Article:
July 8th, 2009


100 Books That Rocked My World, 2009 Edition.

So last year, Entertainment Weekly decided to rank "the new classics," and made lists of the "100 Most Influential" bits of various media in the last few decades. They had a list of movies, a list of books, a list of TV series, and so on. This, naturally, made me think, because their list looked absolutely nothing like mine would. I promptly took umbrage, as I am wont to do, and made my own list of books that influenced and informed my reality. That was a year ago. Things can change considerably, in a year.

You know what comes next.

Books on this list aren't necessarily high literature; they're not necessarily classics; they're not even necessarily particularly good, although I think the bulk of them are. They're just the books that combined to construct a me. They are, in short, not the books I was supposed to fall in love with; just the ones that I did.

Your list will probably be drastically different. You may still want to take a look at mine. You might just find a few things that will surprise you.

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For we shall be wicked, and we shall be fair...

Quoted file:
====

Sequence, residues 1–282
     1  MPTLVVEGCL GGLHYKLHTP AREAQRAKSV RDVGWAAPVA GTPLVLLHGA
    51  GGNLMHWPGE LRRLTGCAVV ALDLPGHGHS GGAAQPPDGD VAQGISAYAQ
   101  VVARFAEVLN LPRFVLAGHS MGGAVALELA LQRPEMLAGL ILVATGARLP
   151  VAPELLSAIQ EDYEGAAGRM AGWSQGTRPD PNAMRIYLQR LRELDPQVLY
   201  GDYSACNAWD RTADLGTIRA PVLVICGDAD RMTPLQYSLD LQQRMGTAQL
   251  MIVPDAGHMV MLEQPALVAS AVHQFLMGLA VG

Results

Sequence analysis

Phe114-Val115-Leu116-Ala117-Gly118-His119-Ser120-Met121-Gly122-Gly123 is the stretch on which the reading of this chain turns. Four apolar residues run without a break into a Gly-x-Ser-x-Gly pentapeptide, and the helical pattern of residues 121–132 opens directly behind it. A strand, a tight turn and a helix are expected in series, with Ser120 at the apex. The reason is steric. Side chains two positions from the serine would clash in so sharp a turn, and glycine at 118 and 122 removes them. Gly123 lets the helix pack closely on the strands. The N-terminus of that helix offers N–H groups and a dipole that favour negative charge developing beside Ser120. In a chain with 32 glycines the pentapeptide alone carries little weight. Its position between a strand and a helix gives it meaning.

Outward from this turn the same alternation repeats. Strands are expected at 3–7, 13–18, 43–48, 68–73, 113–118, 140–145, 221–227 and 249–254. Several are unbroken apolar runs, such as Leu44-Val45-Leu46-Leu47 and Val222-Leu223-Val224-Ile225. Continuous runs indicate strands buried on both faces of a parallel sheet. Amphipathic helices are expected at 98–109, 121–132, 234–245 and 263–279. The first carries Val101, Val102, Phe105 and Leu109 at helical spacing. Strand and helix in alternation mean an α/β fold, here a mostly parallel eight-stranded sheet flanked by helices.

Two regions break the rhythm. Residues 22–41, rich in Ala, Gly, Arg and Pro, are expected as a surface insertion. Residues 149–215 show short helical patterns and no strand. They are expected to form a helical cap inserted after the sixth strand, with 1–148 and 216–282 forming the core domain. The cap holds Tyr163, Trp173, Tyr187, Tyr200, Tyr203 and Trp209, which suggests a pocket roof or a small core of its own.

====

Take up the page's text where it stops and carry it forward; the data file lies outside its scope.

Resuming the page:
...and they'll call us such names, and we really won't care:

talkstowolves has made "Wicked Girls" icons with some of my favorite wicked girls. She's even written a lovely treatise on the source of the phrase "wicked girls saving ourselves," from Mia's original pendant, to her request for a song (during one of my crazy party game phases), to the song itself. It's a glorious evolution, and it makes me ecstatically happy to watch it.

What's especially glorious is that she really gets the song, and the fact that all the girls with actual verses—not the girls in the bridge, of whom she is one, making her sweet word-wine for all of us; the verse girls, the ones who failed—are there as cautionary tales. Dorothy, Alice, Wendy, Jane...they didn't save themselves. To be a girl in a verse is, by definition, to have failed at the goal we're setting ourselves. We remember their names because we have to honor our fallen, but they're the patron saint priestesses of all the lost girls who got found, and they didn't break the chains that bound them.

The rest of us, the Deborahs and the Mias, and the Mandys and the Kaias, and all the other bridge-girls who've taken their turns (and will in the future), we're the ones who still have a chance to be determined. We're going to get out.

Just watch.